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Michael FriedrichDecember 9, 2021

Federal March to Zero Trust Security: CISA’s Guidance Focuses on Four Pillars

The Office of Management and Budget (OMB), the Department of Defense (DoD), the U.S. Air Force (USAF), the Defense Information Systems Agency (DISA) and now the Cybersecurity and Infrastructure Security Agency (CISA) have created or are in the process of finalizing Zero Trust security guidance.

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The federal government spotlight on Zero Trust security also has been underscored by Congress looking into legislation to support the May 2021 executive order on Improving the Nation’s Cybersecurity. And the National Institute of Science and Technology (NIST) has released SP 800-207 on Zero Trust architecture and is conducting a CRADA research project with key industry partners, including Appgate, to provide NIST-approved best practices for implementing Zero Trust security.

For those of us serving in the federal cybersecurity space, it seems logical, based on the executive order, that CISA will be the key player in helping agencies in their journey to Zero Trust security. Toward that end, CISA drafted its Zero Trust Maturity Model in June 2021 and opened it up for public comment, in which Appgate participated. Now it is adjudicating those comments and will publish an update soon. CISA’s draft Zero Trust Maturity Model establishes a set of focus pillars for agencies, which are:

  1. Identity: Refers to an attribute or set of attributes that uniquely describe an agency user or entity.Agencies should ensure and enforce that the right users and entities have the right access to the right resources at the right time
  2. Device: Refers to any hardware asset that can connect to a network, including internet of things (IoT) devices, mobile phones, laptops, servers and others. A device may be agency-owned or bring-your-own-device (BYOD). Agencies should inventory devices, secure all agency devices and prevent unauthorized devices from accessing resources.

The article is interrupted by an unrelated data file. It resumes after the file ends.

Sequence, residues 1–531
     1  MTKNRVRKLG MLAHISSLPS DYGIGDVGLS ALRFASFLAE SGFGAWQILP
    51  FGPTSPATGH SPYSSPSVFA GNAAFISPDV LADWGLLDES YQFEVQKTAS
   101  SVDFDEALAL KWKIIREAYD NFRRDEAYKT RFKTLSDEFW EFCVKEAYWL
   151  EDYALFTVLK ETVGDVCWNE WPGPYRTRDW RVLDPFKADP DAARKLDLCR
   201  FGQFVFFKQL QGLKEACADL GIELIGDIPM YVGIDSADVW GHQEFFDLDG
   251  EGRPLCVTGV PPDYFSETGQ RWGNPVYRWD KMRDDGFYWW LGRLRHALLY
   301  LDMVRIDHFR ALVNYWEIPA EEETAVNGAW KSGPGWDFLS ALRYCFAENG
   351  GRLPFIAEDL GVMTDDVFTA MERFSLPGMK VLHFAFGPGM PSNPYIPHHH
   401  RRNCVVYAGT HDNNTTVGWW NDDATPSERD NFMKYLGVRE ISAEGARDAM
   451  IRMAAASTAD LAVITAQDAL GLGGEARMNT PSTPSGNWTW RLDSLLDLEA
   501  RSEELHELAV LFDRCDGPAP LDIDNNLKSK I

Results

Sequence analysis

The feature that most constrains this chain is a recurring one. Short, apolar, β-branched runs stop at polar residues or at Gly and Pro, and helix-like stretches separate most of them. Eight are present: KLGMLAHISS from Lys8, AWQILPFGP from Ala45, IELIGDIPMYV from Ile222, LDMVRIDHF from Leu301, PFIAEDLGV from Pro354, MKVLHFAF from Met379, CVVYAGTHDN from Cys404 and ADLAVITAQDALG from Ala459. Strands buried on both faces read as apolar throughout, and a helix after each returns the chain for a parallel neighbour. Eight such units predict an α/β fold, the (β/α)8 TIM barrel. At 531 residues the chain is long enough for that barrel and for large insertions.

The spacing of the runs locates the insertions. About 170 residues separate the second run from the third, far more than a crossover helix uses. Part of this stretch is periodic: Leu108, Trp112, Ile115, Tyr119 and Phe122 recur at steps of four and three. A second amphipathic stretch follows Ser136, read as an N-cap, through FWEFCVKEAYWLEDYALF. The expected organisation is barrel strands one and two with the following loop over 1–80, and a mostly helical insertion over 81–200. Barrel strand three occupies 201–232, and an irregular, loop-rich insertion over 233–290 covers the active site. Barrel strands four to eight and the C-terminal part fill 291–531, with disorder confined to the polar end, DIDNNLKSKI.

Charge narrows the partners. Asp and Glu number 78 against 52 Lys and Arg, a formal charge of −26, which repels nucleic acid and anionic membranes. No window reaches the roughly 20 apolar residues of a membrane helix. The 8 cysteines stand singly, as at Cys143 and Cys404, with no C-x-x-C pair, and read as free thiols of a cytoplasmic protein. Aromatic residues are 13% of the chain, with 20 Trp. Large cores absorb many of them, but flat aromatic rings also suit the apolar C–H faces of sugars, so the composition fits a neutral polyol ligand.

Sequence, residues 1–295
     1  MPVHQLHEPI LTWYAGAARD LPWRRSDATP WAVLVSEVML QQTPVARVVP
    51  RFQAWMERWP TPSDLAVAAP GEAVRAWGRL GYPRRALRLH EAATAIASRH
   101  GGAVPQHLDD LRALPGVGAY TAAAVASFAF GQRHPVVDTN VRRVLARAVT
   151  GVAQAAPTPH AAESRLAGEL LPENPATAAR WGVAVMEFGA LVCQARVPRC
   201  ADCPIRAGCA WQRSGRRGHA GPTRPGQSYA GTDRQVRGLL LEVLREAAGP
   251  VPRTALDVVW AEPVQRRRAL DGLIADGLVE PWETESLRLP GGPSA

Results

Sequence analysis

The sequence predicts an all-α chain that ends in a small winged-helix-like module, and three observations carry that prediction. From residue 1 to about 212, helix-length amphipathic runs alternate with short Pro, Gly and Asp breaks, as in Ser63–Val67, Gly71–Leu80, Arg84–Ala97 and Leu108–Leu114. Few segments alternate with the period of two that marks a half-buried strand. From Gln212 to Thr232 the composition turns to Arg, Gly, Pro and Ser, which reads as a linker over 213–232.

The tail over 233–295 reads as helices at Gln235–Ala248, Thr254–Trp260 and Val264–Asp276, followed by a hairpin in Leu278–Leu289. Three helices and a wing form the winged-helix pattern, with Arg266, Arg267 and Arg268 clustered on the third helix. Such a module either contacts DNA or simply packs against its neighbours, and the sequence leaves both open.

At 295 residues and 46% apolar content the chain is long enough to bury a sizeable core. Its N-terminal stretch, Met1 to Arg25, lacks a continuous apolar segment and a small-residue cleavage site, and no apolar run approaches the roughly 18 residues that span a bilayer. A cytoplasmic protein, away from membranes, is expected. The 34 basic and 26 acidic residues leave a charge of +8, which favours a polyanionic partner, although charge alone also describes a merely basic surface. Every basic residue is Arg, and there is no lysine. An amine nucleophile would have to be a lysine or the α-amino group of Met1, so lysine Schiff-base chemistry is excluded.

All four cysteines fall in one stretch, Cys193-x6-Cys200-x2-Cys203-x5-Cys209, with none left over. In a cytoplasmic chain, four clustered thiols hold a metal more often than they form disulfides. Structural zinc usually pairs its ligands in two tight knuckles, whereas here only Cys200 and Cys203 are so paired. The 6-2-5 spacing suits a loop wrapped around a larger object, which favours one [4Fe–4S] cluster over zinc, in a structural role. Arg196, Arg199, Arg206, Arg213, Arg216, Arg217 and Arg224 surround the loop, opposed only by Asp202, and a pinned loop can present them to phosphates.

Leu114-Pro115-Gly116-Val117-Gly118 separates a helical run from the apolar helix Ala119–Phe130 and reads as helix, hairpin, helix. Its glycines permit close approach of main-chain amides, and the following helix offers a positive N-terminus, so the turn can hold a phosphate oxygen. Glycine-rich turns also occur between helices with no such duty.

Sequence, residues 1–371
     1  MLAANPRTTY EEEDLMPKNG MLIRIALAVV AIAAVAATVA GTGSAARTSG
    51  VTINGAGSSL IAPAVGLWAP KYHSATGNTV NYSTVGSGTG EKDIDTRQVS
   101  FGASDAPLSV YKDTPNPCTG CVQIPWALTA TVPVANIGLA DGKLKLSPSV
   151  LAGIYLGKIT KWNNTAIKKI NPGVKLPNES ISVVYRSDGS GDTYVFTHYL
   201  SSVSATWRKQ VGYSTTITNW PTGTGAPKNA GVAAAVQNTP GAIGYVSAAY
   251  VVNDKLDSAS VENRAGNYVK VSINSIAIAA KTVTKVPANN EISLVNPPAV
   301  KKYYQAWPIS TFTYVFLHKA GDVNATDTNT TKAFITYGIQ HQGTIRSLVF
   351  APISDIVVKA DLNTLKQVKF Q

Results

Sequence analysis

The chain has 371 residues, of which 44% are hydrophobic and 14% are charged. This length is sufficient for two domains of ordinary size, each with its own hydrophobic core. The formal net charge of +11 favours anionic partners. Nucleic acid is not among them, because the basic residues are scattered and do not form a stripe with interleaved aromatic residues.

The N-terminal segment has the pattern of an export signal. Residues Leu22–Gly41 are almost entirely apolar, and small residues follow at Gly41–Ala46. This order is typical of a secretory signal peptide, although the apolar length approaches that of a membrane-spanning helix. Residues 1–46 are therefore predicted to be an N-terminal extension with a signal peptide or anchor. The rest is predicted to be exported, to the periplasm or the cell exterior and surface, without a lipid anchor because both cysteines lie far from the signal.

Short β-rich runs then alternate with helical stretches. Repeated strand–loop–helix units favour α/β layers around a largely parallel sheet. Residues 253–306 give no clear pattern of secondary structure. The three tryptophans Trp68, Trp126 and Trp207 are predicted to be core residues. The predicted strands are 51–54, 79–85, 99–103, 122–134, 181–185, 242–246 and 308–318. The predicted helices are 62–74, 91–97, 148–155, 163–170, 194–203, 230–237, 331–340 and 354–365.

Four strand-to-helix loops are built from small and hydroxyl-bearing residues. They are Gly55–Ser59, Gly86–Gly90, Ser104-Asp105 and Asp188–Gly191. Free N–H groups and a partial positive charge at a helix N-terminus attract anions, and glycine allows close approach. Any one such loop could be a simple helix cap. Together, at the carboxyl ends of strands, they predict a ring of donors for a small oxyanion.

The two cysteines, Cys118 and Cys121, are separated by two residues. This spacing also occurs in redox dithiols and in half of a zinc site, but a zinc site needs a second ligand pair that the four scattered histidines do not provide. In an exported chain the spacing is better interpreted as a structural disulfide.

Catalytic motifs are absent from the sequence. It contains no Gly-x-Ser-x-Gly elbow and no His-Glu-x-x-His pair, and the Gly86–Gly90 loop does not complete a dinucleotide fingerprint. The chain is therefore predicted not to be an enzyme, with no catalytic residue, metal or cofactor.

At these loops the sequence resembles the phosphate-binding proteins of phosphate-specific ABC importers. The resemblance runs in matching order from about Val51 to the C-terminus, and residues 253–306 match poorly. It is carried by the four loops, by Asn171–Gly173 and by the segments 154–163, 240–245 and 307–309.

3. Network/Environment: Refers to an open communications medium used to transport messages, including agency internal networks, wireless networks and the internet. Agencies should segment and control networks and manage internal and external data flows.
  4. Application Workload: Includes agency systems, computer programs and services that execute on-premises, as well as in a cloud environment. Agencies should secure and manage the application layer as well as containers and provide secure application delivery.

When talking about Zero Trust security we must always account for the fact that it is a journey to implement a Zero Trust architecture, not a sprint. Agencies have many application workloads and dependencies that must be accounted for along this journey. Further, they need to truly identify the five Ws—who, what, where, when and why—that never seem to go away. They are like Moore’s law and must be answered to complete each project plan and execute on Zero Trust security goals.

But, let me provide a word of caution from a leading company in this space: no one product, company or service provider will have all the answers and that is okay! The ultimate guidance CISA will provide as its optimal end goal will lay out critical areas of focus for federal government agencies to execute on. The industry now needs to help ensure plans are thorough, well thought out, measurable for success and will achieve those end state goals as defined.

For more on how our Appgate Federal Division is leading the way, please visit www.appgate.com/federal-division.

Additional resources:

Blog: Appgate and Rackspace Government Cloud Deliver FedRAMP-Approved Solution
Blog: Federal agencies: make a secure and scalable move to cloud with Zero Trust
Infographic: 2021 Zero Trust Market Dynamics study
Webinar replay: Zero Trust for Critical Infrastructure

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